US, China, Koreas Revisit Diplomacy After Soaring Tensions

US, North Korea Both Demand Other Side Stop 'Provocations'

A flurry of threats last week had the whole region fearing a new Korean War was about to break out, but Monday gave way to at least a bit of an attempt by everyone involved to revisit the possibility of diplomacy.

That’s not to say that diplomacy is any more imminent this week than war was last week, but as North Korea put its Guam missile launches on hold, US officials against made it very clear they were at least open o a resolution that didn’t involve nuclear war.

North Korea’s Kim Jong-un said that US should show itself to be committed to an alternative to the conflict, while US officials continued to reiterate how ready they were for war. Either way, both sides agree it was entirely the other side’s fault, and that it’s entirely up to the other side to stop the provocations.

South Korea’s President Moon Jae-in, another advocate of diplomacy, reiterated today that he believes it vital to resolve the dispute peaceful, and pointedly warned the US not to carry out any military action without South Korea’s consent.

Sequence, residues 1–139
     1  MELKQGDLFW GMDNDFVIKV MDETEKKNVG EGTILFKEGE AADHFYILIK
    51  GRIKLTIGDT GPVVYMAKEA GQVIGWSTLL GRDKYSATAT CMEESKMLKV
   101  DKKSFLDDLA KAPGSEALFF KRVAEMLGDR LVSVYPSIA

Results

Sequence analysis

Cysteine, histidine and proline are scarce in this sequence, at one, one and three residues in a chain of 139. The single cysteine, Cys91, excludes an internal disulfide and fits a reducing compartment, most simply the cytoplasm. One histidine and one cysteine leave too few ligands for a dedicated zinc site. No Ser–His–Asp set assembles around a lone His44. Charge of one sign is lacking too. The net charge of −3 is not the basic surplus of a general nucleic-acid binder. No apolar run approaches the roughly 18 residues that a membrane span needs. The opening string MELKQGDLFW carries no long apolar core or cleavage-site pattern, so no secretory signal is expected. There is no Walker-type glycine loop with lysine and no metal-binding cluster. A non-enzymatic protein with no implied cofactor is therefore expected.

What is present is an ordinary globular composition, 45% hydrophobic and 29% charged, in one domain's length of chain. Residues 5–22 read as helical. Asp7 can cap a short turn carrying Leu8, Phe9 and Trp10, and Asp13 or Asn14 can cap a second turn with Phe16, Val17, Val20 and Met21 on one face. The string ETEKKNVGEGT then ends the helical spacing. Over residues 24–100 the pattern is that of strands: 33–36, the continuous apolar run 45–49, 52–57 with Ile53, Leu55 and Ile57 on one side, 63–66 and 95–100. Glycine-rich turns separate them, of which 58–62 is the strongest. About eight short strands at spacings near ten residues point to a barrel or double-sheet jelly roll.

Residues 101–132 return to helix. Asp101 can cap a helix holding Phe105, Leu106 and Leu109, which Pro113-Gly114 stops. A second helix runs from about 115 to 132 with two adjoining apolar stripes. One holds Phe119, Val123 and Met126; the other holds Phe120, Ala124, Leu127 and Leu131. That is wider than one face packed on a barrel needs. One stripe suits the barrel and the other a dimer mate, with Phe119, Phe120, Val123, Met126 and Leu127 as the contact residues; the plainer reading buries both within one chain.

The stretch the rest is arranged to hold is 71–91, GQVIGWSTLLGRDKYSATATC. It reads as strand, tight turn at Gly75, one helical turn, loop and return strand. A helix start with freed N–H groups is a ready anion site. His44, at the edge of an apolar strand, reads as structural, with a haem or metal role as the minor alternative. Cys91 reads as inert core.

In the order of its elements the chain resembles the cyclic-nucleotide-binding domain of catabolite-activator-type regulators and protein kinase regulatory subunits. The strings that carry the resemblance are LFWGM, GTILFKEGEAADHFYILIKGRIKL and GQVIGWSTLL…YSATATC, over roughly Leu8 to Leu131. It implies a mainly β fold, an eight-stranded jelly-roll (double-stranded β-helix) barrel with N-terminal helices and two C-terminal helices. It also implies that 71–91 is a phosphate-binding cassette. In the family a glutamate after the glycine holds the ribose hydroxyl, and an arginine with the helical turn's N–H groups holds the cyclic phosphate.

China also appears to be trying to engage internationally, moving ahead with UN-imposed sanctions ahead of schedule, which might give them an opportunity to push the United States to agree to more engagement.

That’s been a struggle for China all year, as they’d banned coal imports from North Korea before in an effort to sell the United States on direct diplomacy, only for the US to reject all diplomatic proposals. It may be that the diplomatic proposals will seem more compelling for the US at this point.

Author: Jason Ditz

Jason Ditz is news editor of